Grant supports work to transform home into artist residency space and caps Foundation’s 75th anniversary
Columbus, OH (January 23, 2020)—The Columbus Foundation today announced a grant to ensure the home of iconic Columbus artist Aminah Robinson will serve as a place to nurture and inspire future generations of artists.
Columbus Foundation’s President and CEO Douglas F. Kridler announced the $200,000 grant to the Columbus Museum of Art (CMA), which is overseeing the restoration project, at its annual event celebrating “Columbus’ True Originals”.
CMA, which was the primary beneficiary of Robinson’s estate, including her home, upon her passing in 2015, last month launched a partnership with the Greater Columbus Arts Council (Arts Council) to preserve her home as the future site for artist residencies.
The Aminah Brenda Lynn Robinson Residency will be awarded annually to an African American professional visual artist and will include a stipend as well as space to live and work in the soon-to-be restored home.
“We are excited to close out The Columbus Foundation’s 75th anniversary with this investment in Aminah Robinson’s legacy of care and respect for our community,” said Kridler. “Aminah created extraordinary work to celebrate the Foundation’s 50th anniversary, so it feels great to be able to turn around a generation later and make this investment in her living legacy and in the neighborhood in which she lived and worked.”
(l-r): Dwight E. Smith, Mark Corna, Deidre Hamlar, Larry James, Nanette Maciejunes, Tom Katzenmeyer, Dr. Wayne Lawson, Carole Genshaft.
Robinson was born in Columbus, and from a very young age, knew she wanted to be an artist. Her work, from sculptures and paintings to drawings and books, depict her love and respect for family and community. According to her website, “her art is grounded in her belief in the African concept of Sankofa, learning from the past in order to move forward.” A worldwide traveler, Robinson’s journeys resulted in a series of art that often included a RagGonNon, a large and complex work of art that is often on cloth encrusted with buttons, beads, and other found objects.
In 2004, Robinson was awarded a MacArthur Fellowship, given to "talented individuals who have shown extraordinary originality and dedication in their creative pursuits and a marked capacity for self-direction."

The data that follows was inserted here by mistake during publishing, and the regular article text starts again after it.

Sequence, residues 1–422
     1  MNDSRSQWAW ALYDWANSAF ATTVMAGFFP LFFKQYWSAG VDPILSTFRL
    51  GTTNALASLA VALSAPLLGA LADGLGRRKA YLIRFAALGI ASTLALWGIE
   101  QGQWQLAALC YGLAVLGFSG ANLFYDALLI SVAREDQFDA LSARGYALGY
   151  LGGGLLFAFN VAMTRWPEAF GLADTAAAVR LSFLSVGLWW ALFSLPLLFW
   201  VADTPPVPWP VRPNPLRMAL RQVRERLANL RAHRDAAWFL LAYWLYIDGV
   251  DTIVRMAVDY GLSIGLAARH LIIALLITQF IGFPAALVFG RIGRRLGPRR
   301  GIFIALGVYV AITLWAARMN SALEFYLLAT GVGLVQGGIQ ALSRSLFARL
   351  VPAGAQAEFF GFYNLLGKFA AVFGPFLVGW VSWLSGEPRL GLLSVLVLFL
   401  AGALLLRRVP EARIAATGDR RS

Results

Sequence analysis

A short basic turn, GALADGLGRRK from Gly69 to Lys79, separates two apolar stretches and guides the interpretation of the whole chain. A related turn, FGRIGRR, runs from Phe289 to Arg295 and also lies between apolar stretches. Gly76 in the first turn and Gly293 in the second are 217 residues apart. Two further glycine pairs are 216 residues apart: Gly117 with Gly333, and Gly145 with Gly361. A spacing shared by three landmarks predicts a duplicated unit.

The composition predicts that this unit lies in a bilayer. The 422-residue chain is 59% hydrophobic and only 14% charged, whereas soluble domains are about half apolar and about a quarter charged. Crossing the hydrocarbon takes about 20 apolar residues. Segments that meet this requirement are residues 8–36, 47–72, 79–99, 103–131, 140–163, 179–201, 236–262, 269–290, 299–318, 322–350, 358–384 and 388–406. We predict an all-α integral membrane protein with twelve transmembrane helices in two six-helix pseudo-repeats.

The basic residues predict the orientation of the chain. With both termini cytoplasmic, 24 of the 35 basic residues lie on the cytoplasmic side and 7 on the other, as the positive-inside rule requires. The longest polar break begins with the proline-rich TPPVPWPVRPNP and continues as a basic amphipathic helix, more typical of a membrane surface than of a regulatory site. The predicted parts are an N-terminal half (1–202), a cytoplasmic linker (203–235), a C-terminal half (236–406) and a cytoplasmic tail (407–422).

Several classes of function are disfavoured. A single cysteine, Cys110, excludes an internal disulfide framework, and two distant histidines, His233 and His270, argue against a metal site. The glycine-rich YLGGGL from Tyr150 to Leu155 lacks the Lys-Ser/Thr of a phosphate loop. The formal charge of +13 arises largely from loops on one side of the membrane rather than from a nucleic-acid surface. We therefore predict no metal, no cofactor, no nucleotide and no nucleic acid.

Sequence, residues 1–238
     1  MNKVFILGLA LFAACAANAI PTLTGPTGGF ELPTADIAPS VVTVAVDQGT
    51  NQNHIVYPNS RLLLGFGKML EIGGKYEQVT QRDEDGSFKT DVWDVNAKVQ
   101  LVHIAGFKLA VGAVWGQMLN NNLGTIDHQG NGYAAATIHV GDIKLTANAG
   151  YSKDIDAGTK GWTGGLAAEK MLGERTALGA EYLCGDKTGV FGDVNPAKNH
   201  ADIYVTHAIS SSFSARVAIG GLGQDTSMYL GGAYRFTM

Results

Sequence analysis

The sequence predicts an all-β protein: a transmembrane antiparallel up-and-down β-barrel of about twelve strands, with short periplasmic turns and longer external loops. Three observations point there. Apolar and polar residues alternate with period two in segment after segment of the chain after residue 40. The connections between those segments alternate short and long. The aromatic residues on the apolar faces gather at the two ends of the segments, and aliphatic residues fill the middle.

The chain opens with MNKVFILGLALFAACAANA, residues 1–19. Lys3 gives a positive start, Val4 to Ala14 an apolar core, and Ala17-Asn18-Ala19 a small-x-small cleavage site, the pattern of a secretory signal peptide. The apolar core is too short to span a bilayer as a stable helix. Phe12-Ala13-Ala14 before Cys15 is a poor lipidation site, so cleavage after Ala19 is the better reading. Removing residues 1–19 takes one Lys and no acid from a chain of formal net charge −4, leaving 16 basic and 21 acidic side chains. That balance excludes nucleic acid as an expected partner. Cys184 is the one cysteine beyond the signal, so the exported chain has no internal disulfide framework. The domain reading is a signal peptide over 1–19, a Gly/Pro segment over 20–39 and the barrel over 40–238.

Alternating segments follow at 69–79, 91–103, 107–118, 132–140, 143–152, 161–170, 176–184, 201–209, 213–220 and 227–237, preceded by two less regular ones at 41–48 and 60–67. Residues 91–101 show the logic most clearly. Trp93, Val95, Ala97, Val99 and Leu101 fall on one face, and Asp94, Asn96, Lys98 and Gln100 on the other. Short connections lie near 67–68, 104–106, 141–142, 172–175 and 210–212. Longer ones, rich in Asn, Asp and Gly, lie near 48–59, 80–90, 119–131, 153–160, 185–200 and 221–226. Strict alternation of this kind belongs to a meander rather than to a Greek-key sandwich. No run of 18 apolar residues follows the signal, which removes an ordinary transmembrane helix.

Her work is showcased in private collections and has been featured in museums including the Columbus Museum of Art, the Cincinnati Art Museum, the Brooklyn Museum of Art, the Tacoma Art Museum, and the Newark Museum.
“It was a privilege to be part of Aminah Brenda Lynn Robinson’s life and to witness her growth as an artist. Aminah’s legacy will be one of enriching our community, our museum, and our world,” said Nannette Maciejunes, Executive Director of CMA. “There is no better way to honor her legacy, and who she was as a person and as an artist, than by turning her home into a place that will inspire and nurture generations of African American artists.
The Museum’s stewardship of Aminah’s estate and home ensures that her body of work both celebrates and transcends the stories of Columbus and resonates with communities everywhere.”
Leading the fundraising efforts for CMA was Larry James, former leader of the King Arts Complex and current partner at Crabbe, Brown, & James LLP.
“It speaks to the integrity and commitment of the Columbus arts community and The Columbus Foundation for their commitment that future generations will share,” said James. “Aminah spoke to the world in a way that celebrates our humanity. We celebrate the iconic Ms. Robinson with reverence and pride.”
About The Columbus Foundation
The Columbus Foundation serves nearly 3,000 individuals, families, and businesses that have created unique funds and planned gifts to make a difference in the lives of others through the most effective philanthropy possible. The Columbus Foundation is Your Trusted Philanthropic Advisor® and one of the top 10 largest community foundations in the United States.